There’s a certain level of notoriety that must be achieved within a subsect of the geek community before you can really become accepted by everyone else. It’s preposterous to say you’re a real Tolkien fan if you haven’t read The Silmarillion. You’re not really a gamer if you only play Mario Kart occasionally on the weekends. Frankly, this exclusive mentality is a shame. The term “geek” can have a negative connotation associated with it, placing those who identify with the term on the fringe of social acceptance. You’d think that because of this, geeks would be more cognizant of being welcoming to everyone, no matter their degree of obsession.
I’m guilty of this too. I give way too much grief to my friends who’ve only watched the Harry Potter movies and have never actually read the books. The effort it takes to read the books seems insignificant compared to the joy I know they’ll have once they reach this next level of knowledge about the series. It limits the depth and breadth of the conversation, which can be frustrating. I always have to remind myself that you can’t force-feed joy to someone. My devotion to a fandom shouldn’t dictate others’ level of commitment. Those with more knowledge ought to be teachers, not elitists. No one should have to fulfill an unofficial quota to gain entry into the fandom.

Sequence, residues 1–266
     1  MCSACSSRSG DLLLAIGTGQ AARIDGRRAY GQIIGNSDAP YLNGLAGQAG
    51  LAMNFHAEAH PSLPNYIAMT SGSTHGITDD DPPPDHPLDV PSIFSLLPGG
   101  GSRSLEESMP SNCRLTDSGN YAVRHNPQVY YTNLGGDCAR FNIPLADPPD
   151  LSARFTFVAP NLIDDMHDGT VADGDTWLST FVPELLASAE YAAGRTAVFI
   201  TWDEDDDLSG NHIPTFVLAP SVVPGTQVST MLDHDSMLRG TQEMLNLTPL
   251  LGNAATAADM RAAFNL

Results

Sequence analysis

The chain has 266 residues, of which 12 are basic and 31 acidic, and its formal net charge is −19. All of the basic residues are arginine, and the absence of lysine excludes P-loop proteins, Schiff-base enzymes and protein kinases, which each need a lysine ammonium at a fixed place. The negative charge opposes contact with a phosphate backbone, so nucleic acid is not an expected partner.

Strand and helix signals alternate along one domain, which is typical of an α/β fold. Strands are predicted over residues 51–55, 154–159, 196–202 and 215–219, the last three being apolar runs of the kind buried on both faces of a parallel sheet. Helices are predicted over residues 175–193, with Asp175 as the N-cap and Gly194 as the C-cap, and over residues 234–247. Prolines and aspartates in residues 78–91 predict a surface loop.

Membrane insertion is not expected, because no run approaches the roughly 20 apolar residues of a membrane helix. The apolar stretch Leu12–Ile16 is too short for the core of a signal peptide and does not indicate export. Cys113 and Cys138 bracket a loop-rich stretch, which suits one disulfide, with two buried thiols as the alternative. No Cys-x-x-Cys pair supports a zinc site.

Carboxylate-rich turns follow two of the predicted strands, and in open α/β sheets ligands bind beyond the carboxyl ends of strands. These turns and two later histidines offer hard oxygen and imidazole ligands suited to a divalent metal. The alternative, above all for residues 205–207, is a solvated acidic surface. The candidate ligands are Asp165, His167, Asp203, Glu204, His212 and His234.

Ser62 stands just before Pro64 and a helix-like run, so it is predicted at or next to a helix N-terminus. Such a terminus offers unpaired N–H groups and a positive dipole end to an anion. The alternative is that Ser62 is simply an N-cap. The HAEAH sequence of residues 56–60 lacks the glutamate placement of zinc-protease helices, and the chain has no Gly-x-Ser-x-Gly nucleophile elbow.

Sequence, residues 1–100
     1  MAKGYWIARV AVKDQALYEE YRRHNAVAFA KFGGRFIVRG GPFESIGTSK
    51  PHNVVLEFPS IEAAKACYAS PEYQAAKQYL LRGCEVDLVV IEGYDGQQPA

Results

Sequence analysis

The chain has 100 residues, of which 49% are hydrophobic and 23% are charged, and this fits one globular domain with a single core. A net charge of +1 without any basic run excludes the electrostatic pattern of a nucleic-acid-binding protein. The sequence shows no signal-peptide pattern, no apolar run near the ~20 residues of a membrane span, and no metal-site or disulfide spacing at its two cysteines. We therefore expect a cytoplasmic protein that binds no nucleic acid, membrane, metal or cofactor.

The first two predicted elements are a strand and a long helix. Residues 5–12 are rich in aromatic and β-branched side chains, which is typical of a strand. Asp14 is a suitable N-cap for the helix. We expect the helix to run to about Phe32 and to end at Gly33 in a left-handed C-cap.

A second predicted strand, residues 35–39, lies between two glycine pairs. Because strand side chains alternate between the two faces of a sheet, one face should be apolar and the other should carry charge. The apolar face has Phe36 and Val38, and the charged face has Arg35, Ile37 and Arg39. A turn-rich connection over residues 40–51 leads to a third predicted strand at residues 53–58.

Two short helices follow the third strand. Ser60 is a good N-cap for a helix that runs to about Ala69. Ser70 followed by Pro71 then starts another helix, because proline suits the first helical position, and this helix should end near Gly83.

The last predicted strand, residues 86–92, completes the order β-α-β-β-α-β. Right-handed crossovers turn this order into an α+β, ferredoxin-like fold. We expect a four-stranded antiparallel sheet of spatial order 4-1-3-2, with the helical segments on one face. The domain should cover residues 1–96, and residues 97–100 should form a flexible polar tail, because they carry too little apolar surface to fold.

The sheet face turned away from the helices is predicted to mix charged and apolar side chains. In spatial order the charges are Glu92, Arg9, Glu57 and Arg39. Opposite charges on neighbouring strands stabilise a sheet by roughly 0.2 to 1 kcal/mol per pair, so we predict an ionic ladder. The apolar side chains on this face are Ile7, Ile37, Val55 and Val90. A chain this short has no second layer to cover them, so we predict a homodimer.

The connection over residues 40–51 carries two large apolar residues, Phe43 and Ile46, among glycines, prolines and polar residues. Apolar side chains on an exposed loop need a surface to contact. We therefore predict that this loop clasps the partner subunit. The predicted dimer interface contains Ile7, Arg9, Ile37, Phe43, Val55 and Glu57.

That, however, is not typically the gut reaction. In order to be considered part of the fandom, you need to reach a certain level of obsession. Reconsumption becomes a form of currency used to obtain respect and deference within the community. The more you know, the better you fit in—at least within the fandom.
On the larger social spectrum, there are arguably no two groups as different as the jocks and the geeks. The jocks tend to be the charismatic heroes while the geeks are separated from the main clique, shunned and forgotten. While their paths in life may not usually cross, I would argue that the motivations of both groups are more similar than you might think. Both jocks and geeks are highly competitive and place a high amount of value on being the best. Jocks strive to win in sporting competitions while geeks strive to know the most about their favorite fandoms.
According to Psychology Today, our interest in being the best reflects “our belief that competition is good and [is] the best way to gauge the value of our individual and collective enterprise. [It appeals to] the need for differentiation—the social need to categorize people as winners or losers.”